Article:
Two weeks ago, Murray was more than 2000 points back of Djokovic. As the tour returns to the indoor hard courts of Europe, Murray has closed that gap to just over 900 points. The pair will compete head-to-head in at least two more events this season (Paris and London) with 2500 points up for grabs. Murray will also be competing in Vienna, meaning he has an additional 500 points up for grabs that Djokovic, whose next event is Paris in two weeks time, is not chasing.
Murray now controls his own fate, as were he to run the table and win all three events, he would claim the year-end number one ranking and there would nothing Djokovic could do to stop him, other than beating him. Every point is now crucial for both men, as Djokovic needs to pick up his form going down the stretch. Early losses at either of his last two events could cost him the top spot. However, the good news for the Serbian is that he is the defending champion at both events. For the first time in a while, the race for number one could come down to the wire. Only once since Roger Federer first became number one in 2004 has the number one ranking been up for grabs at the ATP World Tour Finals (2014). It is quite possible that that will be the case this year.
This week’s action
There are three 250-level events on the schedule for this week, meaning that it is impossible for anyone outside of the top eight to move into a qualifying position. Only three Race to London hopefuls are in action this week, one at each event.
IF Stockholm Open
Gael Monfils, currently sixth in the Race to London, has a golden opportunity to take big steps towards his first ever berth at the ATP World Tour Finals as he leads the field in Stockholm. He is the only member of the top ten in action and one of only two men in the top twenty who will take to the court in Sweden (the other being Grigor Dimitrov). The Frenchman will be the heavy favourite to take the title, which could be enough to seal his place in London.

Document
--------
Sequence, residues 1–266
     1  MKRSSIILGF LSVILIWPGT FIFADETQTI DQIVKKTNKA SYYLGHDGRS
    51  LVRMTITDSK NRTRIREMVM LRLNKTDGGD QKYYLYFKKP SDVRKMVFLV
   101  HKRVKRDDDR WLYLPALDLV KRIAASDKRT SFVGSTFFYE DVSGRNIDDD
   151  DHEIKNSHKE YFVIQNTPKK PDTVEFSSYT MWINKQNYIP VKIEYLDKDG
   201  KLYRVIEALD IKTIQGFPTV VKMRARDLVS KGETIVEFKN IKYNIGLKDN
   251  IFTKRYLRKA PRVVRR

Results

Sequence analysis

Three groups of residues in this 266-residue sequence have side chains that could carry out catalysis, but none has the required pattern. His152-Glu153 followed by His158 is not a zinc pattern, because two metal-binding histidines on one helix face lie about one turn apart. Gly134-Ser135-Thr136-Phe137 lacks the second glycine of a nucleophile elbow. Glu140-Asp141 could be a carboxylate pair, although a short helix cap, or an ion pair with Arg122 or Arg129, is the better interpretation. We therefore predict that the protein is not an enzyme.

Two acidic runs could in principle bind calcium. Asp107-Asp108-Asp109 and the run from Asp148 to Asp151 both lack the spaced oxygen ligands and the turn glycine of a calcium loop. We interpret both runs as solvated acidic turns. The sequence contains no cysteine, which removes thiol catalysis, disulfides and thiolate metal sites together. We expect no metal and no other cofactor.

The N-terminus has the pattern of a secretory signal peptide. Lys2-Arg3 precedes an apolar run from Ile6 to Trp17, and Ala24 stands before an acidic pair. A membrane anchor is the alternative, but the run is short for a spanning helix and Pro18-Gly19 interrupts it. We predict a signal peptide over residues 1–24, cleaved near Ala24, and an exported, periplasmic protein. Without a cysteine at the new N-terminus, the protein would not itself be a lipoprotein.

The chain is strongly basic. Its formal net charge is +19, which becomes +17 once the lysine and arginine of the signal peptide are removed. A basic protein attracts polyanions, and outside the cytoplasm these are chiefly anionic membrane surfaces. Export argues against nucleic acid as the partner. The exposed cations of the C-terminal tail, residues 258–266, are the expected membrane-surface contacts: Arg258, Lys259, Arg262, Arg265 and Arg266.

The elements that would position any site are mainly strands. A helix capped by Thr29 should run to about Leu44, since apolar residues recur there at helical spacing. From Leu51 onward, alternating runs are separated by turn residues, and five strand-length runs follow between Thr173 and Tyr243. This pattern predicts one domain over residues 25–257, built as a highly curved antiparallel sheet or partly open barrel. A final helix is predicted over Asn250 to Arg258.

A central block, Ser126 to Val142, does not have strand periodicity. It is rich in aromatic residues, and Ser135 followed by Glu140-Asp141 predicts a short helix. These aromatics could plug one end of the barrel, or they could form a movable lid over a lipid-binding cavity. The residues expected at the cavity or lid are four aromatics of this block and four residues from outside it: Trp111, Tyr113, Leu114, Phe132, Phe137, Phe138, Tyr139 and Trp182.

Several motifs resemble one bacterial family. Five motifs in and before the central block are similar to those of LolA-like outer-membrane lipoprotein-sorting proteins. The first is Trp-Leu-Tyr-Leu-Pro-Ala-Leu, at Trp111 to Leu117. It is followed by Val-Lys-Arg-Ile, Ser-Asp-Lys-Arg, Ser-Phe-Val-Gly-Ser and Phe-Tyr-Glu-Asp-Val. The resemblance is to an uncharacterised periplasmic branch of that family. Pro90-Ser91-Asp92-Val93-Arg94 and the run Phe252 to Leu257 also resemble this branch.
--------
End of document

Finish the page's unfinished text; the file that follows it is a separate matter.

David Goffin will look to continue his late push to London as the heavy favourite in his home nation. The Belgian leads a field in Antwerp that only features three members of the top twenty, the others being veterans David Ferrer and Richard Gasquet. Goffin will have the home crowd at his back as the top seed will look to take more strides towards the qualification zone. With a title, Goffin could cut the deficit between himself and Thiem in half and would put him within striking distance next week in Basel. The Belgian needs to at least reach the semifinals to get to that point, but realistically needs a title this week if he hopes to qualify for London.
VTB Kremlin Cup
Surprise Shanghai runner-up Roberto Bautista Agut will look to stay hot as the tour shifts back to Europe for the final stretch. The Spaniard, who is currently 865 points out, needs a title to keep his outside hope of qualifying alive. It remains mathematically impossible for him to qualify before Paris, but cutting the deficit down by 250 points would certainly give him a boost heading into the final two weeks where a maximum of 1500 points are available. The good news for Bautista Agut is that he is the overwhelming favourite in Moscow, as the next highest ranking player in the draw, Viktor Troicki, is more than double the Spaniard’s ranking (Bautista Agut is 13th, Troicki is 28th). This is a big opportunity for the streaking Spaniard.
Three weeks remain for the final three spots in London to be claimed, with a maximum of 1750 points available. A lot can still change between now and November 6th, the last day for players to reach the top eight.